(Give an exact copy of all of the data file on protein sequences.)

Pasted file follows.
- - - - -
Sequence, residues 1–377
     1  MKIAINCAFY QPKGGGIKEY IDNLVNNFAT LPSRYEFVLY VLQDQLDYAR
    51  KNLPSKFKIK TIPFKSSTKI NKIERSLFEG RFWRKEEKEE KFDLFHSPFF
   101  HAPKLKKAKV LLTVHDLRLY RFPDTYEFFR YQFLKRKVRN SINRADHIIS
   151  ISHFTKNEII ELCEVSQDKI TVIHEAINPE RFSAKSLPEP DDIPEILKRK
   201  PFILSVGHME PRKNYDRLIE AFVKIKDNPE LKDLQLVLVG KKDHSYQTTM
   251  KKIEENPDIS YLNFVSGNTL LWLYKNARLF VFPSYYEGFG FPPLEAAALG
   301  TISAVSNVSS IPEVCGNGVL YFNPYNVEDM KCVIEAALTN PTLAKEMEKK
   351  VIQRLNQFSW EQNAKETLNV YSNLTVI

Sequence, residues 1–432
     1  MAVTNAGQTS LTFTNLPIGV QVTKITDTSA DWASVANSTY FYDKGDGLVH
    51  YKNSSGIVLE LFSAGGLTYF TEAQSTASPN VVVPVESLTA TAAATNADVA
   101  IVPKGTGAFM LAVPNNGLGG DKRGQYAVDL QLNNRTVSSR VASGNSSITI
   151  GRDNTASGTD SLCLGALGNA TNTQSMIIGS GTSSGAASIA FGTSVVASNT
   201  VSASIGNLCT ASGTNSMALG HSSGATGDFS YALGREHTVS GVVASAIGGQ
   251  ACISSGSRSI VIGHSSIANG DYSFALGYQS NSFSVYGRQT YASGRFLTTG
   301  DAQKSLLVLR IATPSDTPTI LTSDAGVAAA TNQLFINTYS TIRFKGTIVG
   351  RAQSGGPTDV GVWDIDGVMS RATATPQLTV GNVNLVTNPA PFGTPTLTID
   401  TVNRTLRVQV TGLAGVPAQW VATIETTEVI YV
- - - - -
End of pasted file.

Sequence, residues 1–377
     1  MKIAINCAFY QPKGGGIKEY IDNLVNNFAT LPSRYEFVLY VLQDQLDYAR
    51  KNLPSKFKIK TIPFKSSTKI NKIERSLFEG RFWRKEEKEE KFDLFHSPFF
   101  HAPKLKKAKV LLTVHDLRLY RFPDTYEFFR YQFLKRKVRN SINRADHIIS
   151  ISHFTKNEII ELCEVSQDKI TVIHEAINPE RFSAKSLPEP DDIPEILKRK
   201  PFILSVGHME PRKNYDRLIE AFVKIKDNPE LKDLQLVLVG KKDHSYQTTM
   251  KKIEENPDIS YLNFVSGNTL LWLYKNARLF VFPSYYEGFG FPPLEAAALG
   301  TISAVSNVSS IPEVCGNGVL YFNPYNVEDM KCVIEAALTN PTLAKEMEKK
   351  VIQRLNQFSW EQNAKETLNV YSNLTVI

Sequence, residues 1–432
     1  MAVTNAGQTS LTFTNLPIGV QVTKITDTSA DWASVANSTY FYDKGDGLVH
    51  YKNSSGIVLE LFSAGGLTYF TEAQSTASPN VVVPVESLTA TAAATNADVA
   101  IVPKGTGAFM LAVPNNGLGG DKRGQYAVDL QLNNRTVSSR VASGNSSITI
   151  GRDNTASGTD SLCLGALGNA TNTQSMIIGS GTSSGAASIA FGTSVVASNT
   201  VSASIGNLCT ASGTNSMALG HSSGATGDFS YALGREHTVS GVVASAIGGQ
   251  ACISSGSRSI VIGHSSIANG DYSFALGYQS NSFSVYGRQT YASGRFLTTG
   301  DAQKSLLVLR IATPSDTPTI LTSDAGVAAA TNQLFINTYS TIRFKGTIVG
   351  RAQSGGPTDV GVWDIDGVMS RATATPQLTV GNVNLVTNPA PFGTPTLTID
   401  TVNRTLRVQV TGLAGVPAQW VATIETTEVI YV